As I sit at the gate for my flight back to Obes (well, to Philly for a 4 hour connection, then to Ohio), I decided to write a blog post--something I have not had the time to do in the past two months, as I have been working at an overnight camp and had no computer access.
Now, technology has once again taken over my life. The upside? I can blog more! Woohoo!
Anyway, for the past hour I have been perusing the course catalog on the BEST WEBSITE TO EVER EXIST "Prestissimo," and I imagine many of you are doing the same in preparation for next semester. If you're not doing it now, you will be soon, so I thought I'd help you out by offering you in-depth analyses of four random courses--or, more specifically, the four courses that I took last semester! Woohoo!
My Courses, Spring 2013:
1. Spanish 202: Intermediate Spanish, Professor Solomon
I cannot stress this enough: TAKE A CLASS WITH CLAIRE SOLOMON. She is a positively wonderful professor, who made taking a Monday, Wednesday, Friday 9:00 AM class enjoyable, which is a nearly impossible feat (especially when it's conducted in a foreign language)!
Claire is an Obie alum herself--and you can tell. I still remember, the first day of class, when she lamented the Spanish workbooks we use as too "corporate," and at times ineffective in the social and political information they promote in various sections of the book. When all of the terrible events happened here in early March, she empathized with the student body as a member of the Oberlin community, and spent an entire class checking in with us and making sure we were all OK. She answered any questions that we had, and offered helpful anecdotes about her time at Oberlin that gave us hope that when tragedy hits, our community can and does heal. For this and other reasons, I will repeat: Take a class with Claire Solomon.
2. Econ 207: Urban Economics, Professor Cheung
I wanted to take this class so badly. I still remember, way back in December, the feeling I had when I got the 40th and final spot in the class. It is apparently a very popular course, so it filled up quickly.
What I liked about this course (and about economics in general!) is that it used systematic, quantitative models to explain sociological phenomena that I have seen all my life. For example: What do economists think are the causes of racial segregation? Why does the "Auto Mile" exist? And how and why do cities themselves form in the first place? Take this class to find out! I highly recommend it for the course material, and Ron Cheung is an engaging, clear, and enthusiastic professor to take it with.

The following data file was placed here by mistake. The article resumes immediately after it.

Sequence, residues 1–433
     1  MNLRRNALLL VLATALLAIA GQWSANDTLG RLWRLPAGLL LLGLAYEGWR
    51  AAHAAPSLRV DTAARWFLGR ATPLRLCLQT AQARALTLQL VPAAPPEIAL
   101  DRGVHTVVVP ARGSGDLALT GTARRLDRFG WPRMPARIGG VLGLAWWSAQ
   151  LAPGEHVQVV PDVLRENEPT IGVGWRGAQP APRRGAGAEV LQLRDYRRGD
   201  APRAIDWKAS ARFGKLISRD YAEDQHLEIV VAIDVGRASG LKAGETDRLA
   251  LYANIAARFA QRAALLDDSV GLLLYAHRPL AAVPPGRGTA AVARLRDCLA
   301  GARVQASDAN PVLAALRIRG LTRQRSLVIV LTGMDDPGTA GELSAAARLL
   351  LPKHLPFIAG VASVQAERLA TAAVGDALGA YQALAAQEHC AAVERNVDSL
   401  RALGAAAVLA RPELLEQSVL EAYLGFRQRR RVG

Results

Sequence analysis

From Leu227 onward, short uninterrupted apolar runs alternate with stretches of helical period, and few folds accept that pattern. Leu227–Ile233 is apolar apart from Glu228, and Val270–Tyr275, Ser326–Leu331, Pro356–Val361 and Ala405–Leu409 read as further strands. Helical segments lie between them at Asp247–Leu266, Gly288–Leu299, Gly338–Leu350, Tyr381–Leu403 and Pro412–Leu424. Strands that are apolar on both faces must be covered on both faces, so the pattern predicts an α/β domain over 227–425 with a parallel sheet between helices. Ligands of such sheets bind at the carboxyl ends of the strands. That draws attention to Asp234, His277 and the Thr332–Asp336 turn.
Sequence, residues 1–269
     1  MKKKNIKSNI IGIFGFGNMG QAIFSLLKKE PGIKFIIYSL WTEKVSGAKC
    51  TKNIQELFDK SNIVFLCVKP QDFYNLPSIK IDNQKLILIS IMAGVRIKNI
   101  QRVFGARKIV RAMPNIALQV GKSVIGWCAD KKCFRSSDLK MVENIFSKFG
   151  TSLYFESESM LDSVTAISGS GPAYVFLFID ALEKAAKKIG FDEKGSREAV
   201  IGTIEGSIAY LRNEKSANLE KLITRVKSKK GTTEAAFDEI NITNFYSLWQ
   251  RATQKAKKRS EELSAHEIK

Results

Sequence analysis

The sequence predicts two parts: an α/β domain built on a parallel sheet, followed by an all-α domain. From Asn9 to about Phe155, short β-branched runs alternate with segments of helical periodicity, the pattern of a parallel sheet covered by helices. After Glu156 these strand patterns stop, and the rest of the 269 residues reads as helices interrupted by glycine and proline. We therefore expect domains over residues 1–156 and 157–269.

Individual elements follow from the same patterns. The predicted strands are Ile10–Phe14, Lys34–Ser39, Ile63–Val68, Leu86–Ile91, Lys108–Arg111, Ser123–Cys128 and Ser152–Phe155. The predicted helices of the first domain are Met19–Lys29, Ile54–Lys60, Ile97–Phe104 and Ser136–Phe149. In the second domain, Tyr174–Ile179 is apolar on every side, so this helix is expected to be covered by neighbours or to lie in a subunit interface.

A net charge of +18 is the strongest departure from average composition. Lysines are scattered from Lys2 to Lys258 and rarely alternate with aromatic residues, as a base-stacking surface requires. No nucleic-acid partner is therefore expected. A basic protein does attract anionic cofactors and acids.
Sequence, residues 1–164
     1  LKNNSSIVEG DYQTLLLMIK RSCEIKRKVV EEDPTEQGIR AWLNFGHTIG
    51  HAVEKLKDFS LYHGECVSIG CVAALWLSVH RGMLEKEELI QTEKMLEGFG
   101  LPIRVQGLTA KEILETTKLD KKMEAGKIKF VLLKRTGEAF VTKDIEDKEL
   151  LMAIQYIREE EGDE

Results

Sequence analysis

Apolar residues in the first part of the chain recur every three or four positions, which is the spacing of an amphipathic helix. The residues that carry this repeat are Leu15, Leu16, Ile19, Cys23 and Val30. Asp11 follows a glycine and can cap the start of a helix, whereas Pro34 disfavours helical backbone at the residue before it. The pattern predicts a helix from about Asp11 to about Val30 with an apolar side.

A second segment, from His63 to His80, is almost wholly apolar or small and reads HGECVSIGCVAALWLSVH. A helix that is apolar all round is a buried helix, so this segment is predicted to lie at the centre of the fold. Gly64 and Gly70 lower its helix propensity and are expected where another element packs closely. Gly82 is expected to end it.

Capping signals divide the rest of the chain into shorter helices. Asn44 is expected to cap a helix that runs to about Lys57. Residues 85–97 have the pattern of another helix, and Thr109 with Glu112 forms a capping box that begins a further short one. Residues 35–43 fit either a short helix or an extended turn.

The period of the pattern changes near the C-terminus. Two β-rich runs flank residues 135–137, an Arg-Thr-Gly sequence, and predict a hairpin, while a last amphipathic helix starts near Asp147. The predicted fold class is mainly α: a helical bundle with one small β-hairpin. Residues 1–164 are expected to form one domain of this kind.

3. Math 133: Calculus I, Professor Raney
I liked this class as much as one can "like" an introductory calculus course. Calculus has always interested me, at least more than other math courses have. I approached each exam as a set of little puzzles that needed solving using any number of calculus tools and tricks to find an answer. This class was hard, but reasonable, and definitely rewarding at times (who doesn't love the feeling of finishing a math problem after thirty minutes and flipping to the back of the book and seeing that you got it right). I took this class because it is a prerequisite for many economics courses I want to take, and I hope to squeeze Calc II, with Michael Raney again, into my schedule next semester.
4. ARTS 200: Approaches to Western Art, Professor Glass
It took a while for me to figure out what my fourth course would be. Originally, I was enrolled in another econ course, but thought that I was snubbing my liberal arts education by taking two econ courses and a math course all in just my second semester of college. One great thing about Oberlin is that you don't need to focus so hastily on your major requirements; indeed, you are encouraged to take classes in disparate subjects, taking advantage of the strong departments Oberlin offers across the disciplines.
So I dropped the other econ course, saving it for a later semester, and enrolled in my friend's 200-level religion class. I saw that it had prerequisites, but I was able to register so I tried it out. While it seemed very interesting, it was full of religion majors and I felt in a little over my head.
I cannot wait to hang up on my dorm room wall the 6x4 flashcards of beautiful, full color artworks that I made for the final exam! It's gonna be awesome.
So I dropped the religion class, and joined my other friend Connor's Art History course. And I am glad I did! The class was taught by a first-year visiting professor, Robert Glass, who gave engaging and dynamic lectures in class day after day. The pace of the course was just right, given the immense breadth of the course that covered art from the Pantheon to the Renaissance to contemporary art from the 21st century.
As I walked away from the final exam with my friend Carolyn, who was in the class as well, we concluded that what we learned in that class was actually useful. I now feel comfortable going to an art museum (like ours!) and identifying and discussing the qualities of an artwork and relating it to various artists and artistic movements. When writing the last essay on the final exam, I was struck by the fact that I was able to identify not just what changed about art, but how: which works changed the playing field of art at the time they were produced and why?
If you were thinking of taking one of these courses or not, I hope this helped! Good luck registering for classes!!!